The vast majority of votes are counted, and it is obvious that Joe Biden has won the presidential election in the USA. This is good news for international cooperation, but it is a matter of concern that Donald Trump’s style of politics has not been thoroughly repudiated.
Some observers say one should not overestimate the relevance of next week's elections in the USA. According to them, it is an exaggerated to see democracy at risk, as there have always been ideological polarisations of some sort or another. I think that they overlook an important aspect. Donald Trump's Republican Party is increasingly pursuing minority rule.
Covid-19 is proving to be an even more complex and longer lasting challenge than initially expected. In order to rise to it, the international community must cooperate effectively. Least developed countries’ access to vaccines and other medical essentials must be ensured. Moreover, their fiscal space must be expanded. Multilateral cooperation is indispensable.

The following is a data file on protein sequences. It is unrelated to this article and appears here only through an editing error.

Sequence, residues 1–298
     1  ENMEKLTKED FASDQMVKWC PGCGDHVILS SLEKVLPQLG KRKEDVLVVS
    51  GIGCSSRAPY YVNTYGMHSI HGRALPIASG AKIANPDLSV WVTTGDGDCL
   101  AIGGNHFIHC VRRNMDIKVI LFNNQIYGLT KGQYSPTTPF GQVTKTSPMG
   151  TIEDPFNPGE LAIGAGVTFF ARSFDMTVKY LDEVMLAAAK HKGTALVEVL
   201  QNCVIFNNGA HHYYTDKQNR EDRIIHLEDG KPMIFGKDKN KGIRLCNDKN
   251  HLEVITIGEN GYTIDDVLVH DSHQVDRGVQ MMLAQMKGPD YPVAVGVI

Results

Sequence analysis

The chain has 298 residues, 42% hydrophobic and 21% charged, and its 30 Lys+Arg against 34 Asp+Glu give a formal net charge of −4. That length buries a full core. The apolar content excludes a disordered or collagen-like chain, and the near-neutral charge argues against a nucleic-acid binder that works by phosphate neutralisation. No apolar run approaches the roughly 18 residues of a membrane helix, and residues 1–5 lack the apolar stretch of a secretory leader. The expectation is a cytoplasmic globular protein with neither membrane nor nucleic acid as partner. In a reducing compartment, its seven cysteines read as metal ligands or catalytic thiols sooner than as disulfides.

Donald Trump claims to be the president of law and order. His many scandals show that he is not. One particular scandal, however, is not getting the attention it deserves. Last week, Trump praised an extrajudicial killing when he addressed a rally in Greenville, North Carolina.
Samir Puri addresses important questions in his recently published book “The great imperial hangover”. His core thesis is that today’s world was shaped by the empires of the past, and as a result, how people perceive today’s world, depends on the historic experience of their respective nations.
I’ll take part in a digitised panel discussion hosted by the Central European University Shattuck Center on Friday 3 July. The topic is “Covid-19 and transactional foreign policy”. I’ve written down the following thoughts to prepare for the event. It starts at 4 pm and will be webcast, so you can watch wherever you may be. The CEU is based in Budapest.